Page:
Dolly Parton dressed in a dramatic white gown and teased beehive hairdo looked around at the guests at the White House reception, Sunday, “I’m honored to be here with all these people wearing all these fancy clothes.” The occasion was a reception for the honorees before the 29th Annual Kennedy Center Honors performance and late night dinner. And although President Bush and the First Lady, The Cheneys and Secretary of State Condolezza Rice took part, this evening was show biz before politics.
In addition to Parton, tribute was paid to Motown legend William “Smokey” Robinson, who gushed, “I’m so flattered to get this honor because it deals not only with craft but also with the impact you’ve had on humanity.”
His childhood pal and former honoree, Aretha Franklin, said “Smokey, who helped to make the Motown sound world famous, never let success change who he is.” A proud Berry Gordy, the founder of the Motown label, was there as well.
Caroline Kennedy Schlossberg, who hosted the gala that will air on CBS on Dec. 26, said that honoree, London born composer Andrew Lloyd Webber, proved that “cats have more than nine lives.”
But Webber, 58, wasn’t taking any chances. He told me that he’s concerned once he gets this Kennedy Center Honor, “then suddenly I’m washed up. I’m gone.” So he’s working enthusiastically on a new show, “The Master and Margarita,” based on a 1930 Russian novel by Mikhail Bulgakov that satires the greed and corruption of Stalin’s Soviet Union.
Director Steven Spielberg missed his friend, Bill Clinton, who was “doing his AIDS thing in southeast Asia.” But actor Tom Hanks read from “the book of Steven” going back to when he had premieres in his own home for his early films without stars.
Indian-born Zubin Mehta hugged Smokey, who hugged everyone. They’re from different worlds yet united by this high entertainment honor. Fran Drescher, “The Nanny,” called it a miracle that she’s “six years well.” She talked about lobbying Congress for money for gynecologic cancer education and awareness, while arm-in-arm with her date, Rep. Patrick Kennedy(D-RI). “We adore each other,” she told me. “Harold Ford, Jr. introduced us in the Congressional Dining Room, and we’ve been friends ever since.”
Kenny Rogers, dressed in black, came to participate in the tribute to Dolly. “All of us are three people: we’re who our audience thinks, who we think, and who we really are,” Rogers said. “The closer those three are, the longer we last. Dolly is all three, and more.”
Reba McEntyre pointed out that Dolly’s foundation provides books for children. And Reese Witherspoon said she wanted to be Dolly. Their friendship began when the two met at a publicity shoot for “Walk the Line” at Johnny Cash’s home; it wasn’t long before she was privy to “Dollyisms.” Reese’s favorite: “You know Sweetie, it takes a lot of money to look this cheap.”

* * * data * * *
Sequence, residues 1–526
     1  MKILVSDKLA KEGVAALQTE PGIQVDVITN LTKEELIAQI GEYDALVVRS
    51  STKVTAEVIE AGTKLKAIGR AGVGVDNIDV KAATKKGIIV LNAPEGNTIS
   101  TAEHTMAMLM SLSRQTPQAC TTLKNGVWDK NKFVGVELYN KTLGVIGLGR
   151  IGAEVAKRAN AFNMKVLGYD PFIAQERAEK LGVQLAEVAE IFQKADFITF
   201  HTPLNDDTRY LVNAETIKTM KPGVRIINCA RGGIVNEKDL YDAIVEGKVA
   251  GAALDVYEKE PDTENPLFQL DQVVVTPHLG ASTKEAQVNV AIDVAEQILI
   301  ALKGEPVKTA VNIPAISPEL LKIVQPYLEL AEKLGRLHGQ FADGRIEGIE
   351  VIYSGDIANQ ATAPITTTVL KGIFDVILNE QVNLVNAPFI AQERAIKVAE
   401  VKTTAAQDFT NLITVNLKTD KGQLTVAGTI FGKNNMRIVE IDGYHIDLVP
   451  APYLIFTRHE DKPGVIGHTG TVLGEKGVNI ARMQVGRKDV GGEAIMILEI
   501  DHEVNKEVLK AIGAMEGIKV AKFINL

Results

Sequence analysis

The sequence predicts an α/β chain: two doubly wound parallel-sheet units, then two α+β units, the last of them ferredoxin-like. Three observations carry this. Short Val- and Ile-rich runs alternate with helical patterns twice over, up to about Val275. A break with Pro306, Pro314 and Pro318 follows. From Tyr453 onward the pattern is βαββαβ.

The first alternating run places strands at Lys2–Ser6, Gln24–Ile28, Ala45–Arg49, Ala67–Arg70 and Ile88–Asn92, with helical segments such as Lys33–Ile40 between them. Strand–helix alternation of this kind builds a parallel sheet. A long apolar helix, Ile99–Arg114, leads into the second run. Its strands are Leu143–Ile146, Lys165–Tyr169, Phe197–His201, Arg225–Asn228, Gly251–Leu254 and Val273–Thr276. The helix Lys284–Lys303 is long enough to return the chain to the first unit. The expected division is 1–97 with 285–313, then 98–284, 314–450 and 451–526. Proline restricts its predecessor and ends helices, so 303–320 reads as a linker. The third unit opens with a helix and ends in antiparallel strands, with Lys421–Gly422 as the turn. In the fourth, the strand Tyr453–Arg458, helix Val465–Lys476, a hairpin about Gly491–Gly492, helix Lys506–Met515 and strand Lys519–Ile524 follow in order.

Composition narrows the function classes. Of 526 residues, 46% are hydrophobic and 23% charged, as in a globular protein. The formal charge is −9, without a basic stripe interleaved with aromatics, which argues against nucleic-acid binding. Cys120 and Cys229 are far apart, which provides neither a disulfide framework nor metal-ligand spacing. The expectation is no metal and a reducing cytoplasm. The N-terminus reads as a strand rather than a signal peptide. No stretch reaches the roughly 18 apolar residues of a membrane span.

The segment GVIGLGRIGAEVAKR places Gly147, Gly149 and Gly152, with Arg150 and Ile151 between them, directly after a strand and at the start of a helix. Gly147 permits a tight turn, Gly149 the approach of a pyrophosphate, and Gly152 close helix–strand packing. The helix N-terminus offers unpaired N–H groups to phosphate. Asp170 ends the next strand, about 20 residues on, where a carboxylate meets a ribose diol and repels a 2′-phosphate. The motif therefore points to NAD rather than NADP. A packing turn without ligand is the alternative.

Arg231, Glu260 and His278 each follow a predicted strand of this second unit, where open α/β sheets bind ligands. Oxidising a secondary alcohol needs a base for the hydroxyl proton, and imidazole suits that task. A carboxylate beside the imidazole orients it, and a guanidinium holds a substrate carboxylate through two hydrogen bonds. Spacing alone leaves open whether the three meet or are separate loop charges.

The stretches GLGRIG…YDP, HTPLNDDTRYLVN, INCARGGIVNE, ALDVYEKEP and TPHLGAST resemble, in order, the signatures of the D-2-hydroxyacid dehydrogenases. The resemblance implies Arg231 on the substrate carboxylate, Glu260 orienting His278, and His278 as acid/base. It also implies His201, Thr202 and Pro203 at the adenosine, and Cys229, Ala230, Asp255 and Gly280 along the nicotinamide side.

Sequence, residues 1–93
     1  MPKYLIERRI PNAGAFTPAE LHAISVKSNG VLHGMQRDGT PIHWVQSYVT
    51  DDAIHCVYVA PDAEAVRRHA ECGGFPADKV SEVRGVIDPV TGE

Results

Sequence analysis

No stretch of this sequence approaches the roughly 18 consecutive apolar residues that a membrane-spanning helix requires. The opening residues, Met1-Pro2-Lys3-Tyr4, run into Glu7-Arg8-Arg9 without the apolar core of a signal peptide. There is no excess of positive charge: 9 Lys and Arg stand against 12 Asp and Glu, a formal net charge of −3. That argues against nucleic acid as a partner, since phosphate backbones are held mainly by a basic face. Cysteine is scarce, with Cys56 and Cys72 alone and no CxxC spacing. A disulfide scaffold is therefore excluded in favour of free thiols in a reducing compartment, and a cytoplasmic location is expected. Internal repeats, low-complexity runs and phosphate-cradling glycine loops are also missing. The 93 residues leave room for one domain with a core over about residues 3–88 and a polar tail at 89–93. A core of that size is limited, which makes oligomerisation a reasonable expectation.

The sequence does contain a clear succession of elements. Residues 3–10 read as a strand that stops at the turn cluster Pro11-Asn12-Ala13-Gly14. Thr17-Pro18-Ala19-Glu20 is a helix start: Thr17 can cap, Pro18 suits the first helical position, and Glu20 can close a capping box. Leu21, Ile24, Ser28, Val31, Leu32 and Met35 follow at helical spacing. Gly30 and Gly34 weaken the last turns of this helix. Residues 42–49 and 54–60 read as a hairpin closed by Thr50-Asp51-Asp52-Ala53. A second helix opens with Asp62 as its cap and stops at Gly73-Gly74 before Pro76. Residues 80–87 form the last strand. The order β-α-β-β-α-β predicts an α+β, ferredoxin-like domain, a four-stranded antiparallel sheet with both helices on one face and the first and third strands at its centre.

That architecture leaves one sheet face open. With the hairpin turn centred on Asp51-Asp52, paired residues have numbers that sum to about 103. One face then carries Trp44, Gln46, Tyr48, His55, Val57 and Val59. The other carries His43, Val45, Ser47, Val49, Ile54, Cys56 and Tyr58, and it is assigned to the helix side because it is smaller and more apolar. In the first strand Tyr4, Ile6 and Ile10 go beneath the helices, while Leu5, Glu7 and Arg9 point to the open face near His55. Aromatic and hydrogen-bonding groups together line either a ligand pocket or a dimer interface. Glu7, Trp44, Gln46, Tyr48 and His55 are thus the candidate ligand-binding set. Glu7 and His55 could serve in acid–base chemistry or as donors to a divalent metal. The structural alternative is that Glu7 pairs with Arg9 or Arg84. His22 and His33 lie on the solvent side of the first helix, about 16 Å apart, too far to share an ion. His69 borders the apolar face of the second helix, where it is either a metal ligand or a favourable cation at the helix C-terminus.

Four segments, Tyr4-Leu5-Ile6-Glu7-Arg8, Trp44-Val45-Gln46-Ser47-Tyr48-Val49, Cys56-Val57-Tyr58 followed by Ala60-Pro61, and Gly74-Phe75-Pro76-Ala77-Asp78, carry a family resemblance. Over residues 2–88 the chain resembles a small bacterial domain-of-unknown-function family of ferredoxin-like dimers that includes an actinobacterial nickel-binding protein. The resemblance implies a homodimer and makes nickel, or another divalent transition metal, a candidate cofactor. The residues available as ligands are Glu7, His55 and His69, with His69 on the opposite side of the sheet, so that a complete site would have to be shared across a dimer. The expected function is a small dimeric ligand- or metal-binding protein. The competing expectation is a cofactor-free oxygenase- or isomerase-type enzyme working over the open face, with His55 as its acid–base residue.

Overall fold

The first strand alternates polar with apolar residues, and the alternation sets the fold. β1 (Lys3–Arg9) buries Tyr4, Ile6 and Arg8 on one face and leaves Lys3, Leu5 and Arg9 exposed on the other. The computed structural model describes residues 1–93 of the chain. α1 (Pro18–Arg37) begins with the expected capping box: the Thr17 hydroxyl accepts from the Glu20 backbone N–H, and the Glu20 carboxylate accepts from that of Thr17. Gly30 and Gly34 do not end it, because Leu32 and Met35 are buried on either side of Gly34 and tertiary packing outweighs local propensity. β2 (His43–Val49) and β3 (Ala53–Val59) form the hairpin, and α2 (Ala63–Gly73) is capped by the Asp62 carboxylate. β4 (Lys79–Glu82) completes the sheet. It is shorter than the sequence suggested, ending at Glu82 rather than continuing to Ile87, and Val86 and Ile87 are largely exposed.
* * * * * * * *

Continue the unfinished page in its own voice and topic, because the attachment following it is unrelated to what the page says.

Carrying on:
But for young Jessica Simpson the evening didn’t go smoothly. She had such stage fright that she walked off the stage in tears after a “9 to 5″ tribute to Dolly, uttering the words “so nervous.”
There was even a fashion crisis. Three women wore the same $8,400 Oscar de la Renta gown but fortunately, one of them, First Lady Laura Bush, slipped upstairs at The White House after the reception to change before joining the entourage to the Kennedy Center.
And for some of the “children” in the White House who worked on compiling the guest list with identifications, not only did not recognize some of the legendary talent, but they embarrassingly listed sensational octogenarian songstress Barbara Cook’s guest as Mr. Adam LeGrant, (Child). LeGrant is Cook’s adult son and an actor in his own right.
Some Congressmen were eager to have photos taken with Parton. And others wanted a break from political patter for the evening. “I have no job,” Sen. Bill Frist (R-TN) quipped when asked a political question. And even Rep. Jane Harman (D-CA) wasn’t talking about her hoped for committee chairmanship and her strained relationship with House Speaker Nancy Pelosi (D-CA).
President Bush, perhaps jet-lagged and with other matters weighing on his shoulders, looked as though he would have rather been watching “Willy Wonka,” but Secretary of State Rice didn’t want the evening to end. She kept time to the music and was especially animated during the tribute to Smokey.
It was a moving evening for all the honorees. Robinson and Webber wiped away the tears during their tributes. It was dramatic when the curtain rose on Mehta’s colleagues from the Israel Philharmonic Orchestra who had traveled from Tel Aviv to serenade “the Mensch,” and when WWII military heroes and a Holocaust survivor paid tribute to Spielberg.
The crowd in the Kennedy Center foyer was thinning at 1 A.M., Mehta, the last of the honorees to leave, summed the evening up wistfully, “I wish it could happen again.”